Banking News

BIS to explore global stablecoins for cross border payments. Impact on Diem launch?

cross border payments currencies

Today the Financial Stability Board published a status report on the progress towards improving cross border payments. The report included additional actions on stablecoins that might impact Diem. Separately, concrete targets have been set, including having a global average cost of retail payments to be no more than 1% with no corridors higher than 3% by the end of 2027. And the FSB published industry feedback which highlights challenges ahead. 

In response to a G20 mandate, last July, the BIS outlined 19 building blocks towards improving cross border payments across four dimensions: cost, speed, access and transparency.

One of today’s documents reviews the status of these 19 buildings blocks, two of which relate to digital currency, specifically stablecoins and central bank digital currency (CBDC). 

Stablecoins for cross border payments

Today the FSB announced that the Committee on Payments and Market Infrastructures (CPMI) should consider whether “well-designed global stabelecoin arrangements” could enhance cross border payments. The deadline is December 2022. It’s unclear whether this means that no global stablecoin should launch until then, such as Diem (formerly Libra).

This follows the publication of two major reports on stablecoins in the last few weeks, one by the BIS and IOSCO, and the other by the FSB. However, these both emphasized regulation.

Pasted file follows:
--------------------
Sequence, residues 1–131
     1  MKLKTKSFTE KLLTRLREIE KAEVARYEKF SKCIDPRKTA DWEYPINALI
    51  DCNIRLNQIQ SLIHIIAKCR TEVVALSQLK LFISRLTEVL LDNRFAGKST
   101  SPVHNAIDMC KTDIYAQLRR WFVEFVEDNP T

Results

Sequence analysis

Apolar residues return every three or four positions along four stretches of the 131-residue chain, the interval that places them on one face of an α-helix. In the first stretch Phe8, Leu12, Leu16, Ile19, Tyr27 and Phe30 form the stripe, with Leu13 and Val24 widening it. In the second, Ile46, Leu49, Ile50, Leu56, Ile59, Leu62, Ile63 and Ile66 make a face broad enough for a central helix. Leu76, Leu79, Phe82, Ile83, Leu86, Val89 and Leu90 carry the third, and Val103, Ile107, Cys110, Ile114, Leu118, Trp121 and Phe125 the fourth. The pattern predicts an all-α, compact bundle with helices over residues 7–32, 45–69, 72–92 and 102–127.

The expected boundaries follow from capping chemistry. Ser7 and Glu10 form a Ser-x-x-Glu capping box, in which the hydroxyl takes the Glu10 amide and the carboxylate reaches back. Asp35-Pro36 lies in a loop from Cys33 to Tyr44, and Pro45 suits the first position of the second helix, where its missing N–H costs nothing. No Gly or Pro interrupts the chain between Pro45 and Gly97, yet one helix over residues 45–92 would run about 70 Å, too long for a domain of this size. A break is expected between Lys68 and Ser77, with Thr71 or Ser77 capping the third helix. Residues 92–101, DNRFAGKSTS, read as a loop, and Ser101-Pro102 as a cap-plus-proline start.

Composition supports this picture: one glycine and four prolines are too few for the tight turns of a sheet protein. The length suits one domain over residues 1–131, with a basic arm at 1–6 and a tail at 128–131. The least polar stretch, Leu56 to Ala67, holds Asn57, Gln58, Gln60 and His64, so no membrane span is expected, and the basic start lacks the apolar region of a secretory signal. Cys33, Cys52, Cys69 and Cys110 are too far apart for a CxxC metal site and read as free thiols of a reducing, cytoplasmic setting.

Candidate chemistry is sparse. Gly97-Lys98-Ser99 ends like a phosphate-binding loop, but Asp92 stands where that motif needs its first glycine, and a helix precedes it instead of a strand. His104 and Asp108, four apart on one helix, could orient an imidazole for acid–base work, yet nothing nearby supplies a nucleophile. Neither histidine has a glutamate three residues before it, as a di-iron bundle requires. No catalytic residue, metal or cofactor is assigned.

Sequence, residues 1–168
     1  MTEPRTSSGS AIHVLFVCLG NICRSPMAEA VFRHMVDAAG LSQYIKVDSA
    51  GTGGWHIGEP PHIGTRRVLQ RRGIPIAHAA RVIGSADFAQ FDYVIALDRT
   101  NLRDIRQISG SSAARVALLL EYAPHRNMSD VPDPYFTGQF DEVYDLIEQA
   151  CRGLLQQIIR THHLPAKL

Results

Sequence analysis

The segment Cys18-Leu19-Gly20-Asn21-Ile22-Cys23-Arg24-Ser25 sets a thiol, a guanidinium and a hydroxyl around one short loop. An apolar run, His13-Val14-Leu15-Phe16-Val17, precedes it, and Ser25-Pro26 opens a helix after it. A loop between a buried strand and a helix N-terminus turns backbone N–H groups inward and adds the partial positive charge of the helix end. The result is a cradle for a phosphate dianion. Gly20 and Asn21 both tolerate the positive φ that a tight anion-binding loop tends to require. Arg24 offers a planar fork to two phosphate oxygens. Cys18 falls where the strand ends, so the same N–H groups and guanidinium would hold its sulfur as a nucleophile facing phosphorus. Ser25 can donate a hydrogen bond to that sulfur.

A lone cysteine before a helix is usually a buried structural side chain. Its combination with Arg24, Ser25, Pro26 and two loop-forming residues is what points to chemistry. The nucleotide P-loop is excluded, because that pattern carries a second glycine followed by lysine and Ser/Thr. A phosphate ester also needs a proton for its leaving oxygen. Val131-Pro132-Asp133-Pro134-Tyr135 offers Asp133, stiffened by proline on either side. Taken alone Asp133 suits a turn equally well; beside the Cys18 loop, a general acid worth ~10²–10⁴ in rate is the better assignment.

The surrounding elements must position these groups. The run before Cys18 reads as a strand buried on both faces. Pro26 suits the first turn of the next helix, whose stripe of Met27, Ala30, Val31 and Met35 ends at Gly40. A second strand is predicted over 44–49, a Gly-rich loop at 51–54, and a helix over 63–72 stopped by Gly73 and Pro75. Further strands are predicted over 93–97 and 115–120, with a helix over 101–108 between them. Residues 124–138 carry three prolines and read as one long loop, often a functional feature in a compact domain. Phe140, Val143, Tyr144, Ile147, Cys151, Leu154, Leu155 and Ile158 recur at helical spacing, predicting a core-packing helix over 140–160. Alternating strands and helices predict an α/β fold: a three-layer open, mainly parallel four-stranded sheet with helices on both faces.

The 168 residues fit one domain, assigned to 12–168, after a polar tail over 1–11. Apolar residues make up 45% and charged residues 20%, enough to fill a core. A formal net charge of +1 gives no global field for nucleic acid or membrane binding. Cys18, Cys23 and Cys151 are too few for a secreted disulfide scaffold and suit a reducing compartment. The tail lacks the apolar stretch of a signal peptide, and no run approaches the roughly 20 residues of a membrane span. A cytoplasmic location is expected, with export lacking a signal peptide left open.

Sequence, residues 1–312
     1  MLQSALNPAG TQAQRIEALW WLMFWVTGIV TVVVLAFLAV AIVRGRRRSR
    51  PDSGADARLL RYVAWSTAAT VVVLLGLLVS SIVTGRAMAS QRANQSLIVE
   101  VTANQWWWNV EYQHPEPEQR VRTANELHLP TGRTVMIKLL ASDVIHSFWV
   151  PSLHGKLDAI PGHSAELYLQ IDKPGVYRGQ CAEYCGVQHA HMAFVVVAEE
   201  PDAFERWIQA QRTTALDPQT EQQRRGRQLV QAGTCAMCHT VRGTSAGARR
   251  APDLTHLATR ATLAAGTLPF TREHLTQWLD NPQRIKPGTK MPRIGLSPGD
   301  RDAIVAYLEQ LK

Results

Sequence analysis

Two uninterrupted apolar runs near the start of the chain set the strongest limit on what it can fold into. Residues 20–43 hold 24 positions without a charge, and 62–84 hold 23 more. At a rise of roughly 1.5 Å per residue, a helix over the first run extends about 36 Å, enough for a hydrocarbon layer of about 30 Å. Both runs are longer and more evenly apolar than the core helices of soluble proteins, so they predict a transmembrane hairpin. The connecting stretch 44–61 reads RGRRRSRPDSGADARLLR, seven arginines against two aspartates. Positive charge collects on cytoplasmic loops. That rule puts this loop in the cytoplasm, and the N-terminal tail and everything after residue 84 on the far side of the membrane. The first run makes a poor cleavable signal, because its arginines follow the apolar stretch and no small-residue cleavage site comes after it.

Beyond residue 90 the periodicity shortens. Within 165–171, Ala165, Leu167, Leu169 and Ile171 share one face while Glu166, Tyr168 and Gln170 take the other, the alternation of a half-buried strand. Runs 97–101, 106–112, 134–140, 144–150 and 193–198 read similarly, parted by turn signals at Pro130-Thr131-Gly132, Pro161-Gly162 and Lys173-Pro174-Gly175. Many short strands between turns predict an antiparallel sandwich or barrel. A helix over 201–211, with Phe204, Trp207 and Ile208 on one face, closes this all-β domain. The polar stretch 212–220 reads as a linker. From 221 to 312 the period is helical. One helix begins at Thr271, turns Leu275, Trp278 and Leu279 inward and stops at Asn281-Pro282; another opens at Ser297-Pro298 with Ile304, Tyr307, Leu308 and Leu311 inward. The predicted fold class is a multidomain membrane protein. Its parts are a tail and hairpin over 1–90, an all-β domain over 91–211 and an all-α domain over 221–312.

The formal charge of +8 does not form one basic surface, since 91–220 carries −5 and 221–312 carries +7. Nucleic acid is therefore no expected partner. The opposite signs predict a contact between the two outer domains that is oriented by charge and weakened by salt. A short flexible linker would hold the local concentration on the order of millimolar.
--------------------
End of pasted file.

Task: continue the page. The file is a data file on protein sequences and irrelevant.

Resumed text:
In May, Diem moved from Switzerland to the United States and appeared to be ramping up for launch. But it still has regulators concerned. Last week the head of the BIS outlined potential policy responses. However, he also stated that Diem might soon go live.

JP Morgan highlights challenges

Additionally, today the FSB published feedback from a consultation. Responses from JP Morgan and SWIFT highlighted the challenges ahead in tackling cross border payment issues with current infrastructures. JP Morgan says it processes $7 trillion in payments globally, so it knows what it’s talking about. 

The bank has some concerns about target setting because it believes these address symptoms rather than causes. For example, it says high costs are often because of business practices, regulatory requirements and a lack of visibility at recipient banks. And speed issues frequently relate to the sender providing insufficient data about the recipient. SWIFT’s response made similar points.

In terms of realistic timelines, JP Morgan held up Europe’s SEPA as an example. It took eight years to go from concept to initial implementation, and more than twenty years later, it’s still evolving. And that’s within a harmonized region.

JP Morgan is also concerned about unintended consequences. Speed could result in higher levels of fraud. It highlighted the recent rise in authorized push payment fraud where scammers trick people into sending them money. 


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